Republicans call for temporary halt to new marijuana dispensaries
Connecticut would stop issuing retail marijuana dispensary licenses – at least for now – under a "cannabis safety" plan floated by Republican leaders Tuesday.
"People are now realizing that it's no joking matter," said state Rep. Vin Candelora (R-North Branford), the House GOP leader.
In their first week, dispensaries sold more than $2 million in cannabis, according to the Connecticut Department of Consumer Protection.
But now, Republicans want to put the brakes on the industry. Their bill would suspend new retail licenses until the state has more drug recognition experts. As News 12 reported in June 2021, DREs are police officers who are specially trained to run cognitive tests on drivers.
"Certain drugs will affect a person's pupil size, so we'll use this card to indicate that," Norwalk Police DRE Ty Boyd told News 12 then.
Right now, there are only 62 drug recognition experts spread across 38 agencies, according to the Connecticut Department of Transportation. DOT provides training, but officers must be tested out of state, making the process time-consuming.
GOP lawmakers also want to give police more authority to pull drivers over. Current law prohibits officers from pulling a driver over just because they see marijuana smoke.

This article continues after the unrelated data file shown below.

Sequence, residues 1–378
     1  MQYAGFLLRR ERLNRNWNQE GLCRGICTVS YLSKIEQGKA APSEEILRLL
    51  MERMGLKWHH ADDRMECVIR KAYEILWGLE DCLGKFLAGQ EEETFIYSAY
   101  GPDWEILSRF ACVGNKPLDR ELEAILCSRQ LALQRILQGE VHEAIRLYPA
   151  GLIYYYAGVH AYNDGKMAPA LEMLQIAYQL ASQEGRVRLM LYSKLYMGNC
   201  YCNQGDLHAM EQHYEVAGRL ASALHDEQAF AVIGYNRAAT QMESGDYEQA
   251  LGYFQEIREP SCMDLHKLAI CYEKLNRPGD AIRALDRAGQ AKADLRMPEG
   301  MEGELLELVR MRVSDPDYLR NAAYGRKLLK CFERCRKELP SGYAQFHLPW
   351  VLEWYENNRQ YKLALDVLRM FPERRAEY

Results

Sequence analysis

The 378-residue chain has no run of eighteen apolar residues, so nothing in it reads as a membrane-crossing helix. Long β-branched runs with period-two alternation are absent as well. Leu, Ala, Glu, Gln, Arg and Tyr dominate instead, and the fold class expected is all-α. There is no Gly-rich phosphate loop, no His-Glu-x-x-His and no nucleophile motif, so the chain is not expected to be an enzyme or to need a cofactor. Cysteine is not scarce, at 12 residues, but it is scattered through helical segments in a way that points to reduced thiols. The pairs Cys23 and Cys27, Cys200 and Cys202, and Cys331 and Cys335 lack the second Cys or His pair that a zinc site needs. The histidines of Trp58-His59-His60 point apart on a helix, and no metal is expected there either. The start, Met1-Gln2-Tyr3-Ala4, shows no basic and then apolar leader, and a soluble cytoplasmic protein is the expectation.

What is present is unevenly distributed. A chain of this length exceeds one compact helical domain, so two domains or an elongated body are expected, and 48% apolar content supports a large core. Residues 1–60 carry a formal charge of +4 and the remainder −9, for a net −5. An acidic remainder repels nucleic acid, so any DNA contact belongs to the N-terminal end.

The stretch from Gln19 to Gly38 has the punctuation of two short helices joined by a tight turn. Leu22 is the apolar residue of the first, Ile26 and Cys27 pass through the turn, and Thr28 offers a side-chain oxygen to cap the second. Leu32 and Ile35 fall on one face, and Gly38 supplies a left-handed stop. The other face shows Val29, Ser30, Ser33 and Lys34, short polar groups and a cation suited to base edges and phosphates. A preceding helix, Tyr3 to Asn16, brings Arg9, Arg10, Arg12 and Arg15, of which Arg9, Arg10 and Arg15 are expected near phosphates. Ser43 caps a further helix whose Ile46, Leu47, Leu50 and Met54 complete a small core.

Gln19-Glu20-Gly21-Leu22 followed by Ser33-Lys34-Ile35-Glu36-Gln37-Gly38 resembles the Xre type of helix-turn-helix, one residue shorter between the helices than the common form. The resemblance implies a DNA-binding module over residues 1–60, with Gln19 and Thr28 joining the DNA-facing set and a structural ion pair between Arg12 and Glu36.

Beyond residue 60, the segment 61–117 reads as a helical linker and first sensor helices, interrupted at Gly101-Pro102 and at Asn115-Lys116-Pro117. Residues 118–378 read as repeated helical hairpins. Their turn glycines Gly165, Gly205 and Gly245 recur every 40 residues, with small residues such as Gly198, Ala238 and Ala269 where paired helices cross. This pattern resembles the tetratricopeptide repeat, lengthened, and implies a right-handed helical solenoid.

"They're saying to law enforcement, 'Don't pull them over if they're doing drugs while they're driving,'" said Candelora.
But Democrats say the current law prevents racial profiling.
"The subjective perspective of an officer – that they saw a cannabis cigarette from their car – that's pretty difficult to be able to pull off," said state Sen. Gary Winfield (D-New Haven), who helped write the law legalizing cannabis sales. "It's important for the public to recognize, if you're operating your car in such a way to indicate that you are incapable of maneuvering the car, you can be pulled over. Just like, if you don't have a bottle of alcohol in your hand, but you are operating your car, you can be pulled over."
Republicans are also calling for a ban on edibles, requiring child-proof containers and labels with strict warnings, among other regulations.
"Consumption of marijuana may be addictive, lead to birth defects, or cause psychosis," said state Rep. Holly Cheeseman (R-East Lyme). "We're asking for the same government health warning that you see on cigarettes."
The GOP proposal would also set THC limits in state law, instead of allowing consumer regulators to set them. Also, gas stations would be prohibited from selling any products containing THC, a legal area critics said is gray.
"There's 11 retail locations, or gas stations, in the town of Trumbull," said state Rep. Dave Rutigliano (R-Trumbull). "Eight of them had delta-9 and delta-8 on the shelves and selling it."
Winfield said many of the GOP ideas were already debated in 2021, but he's open to tweaking the cannabis law.
"Am I willing to have conversations? Absolutely," said Winfield. "And if those conversations aren't just political – if they have real value – then maybe we make progress."
The Republican bill will have a public hearing next month. Several Democrats have also filed cannabis-related legislation, including changes to the social equity lottery system and tax breaks for entrepreneurs.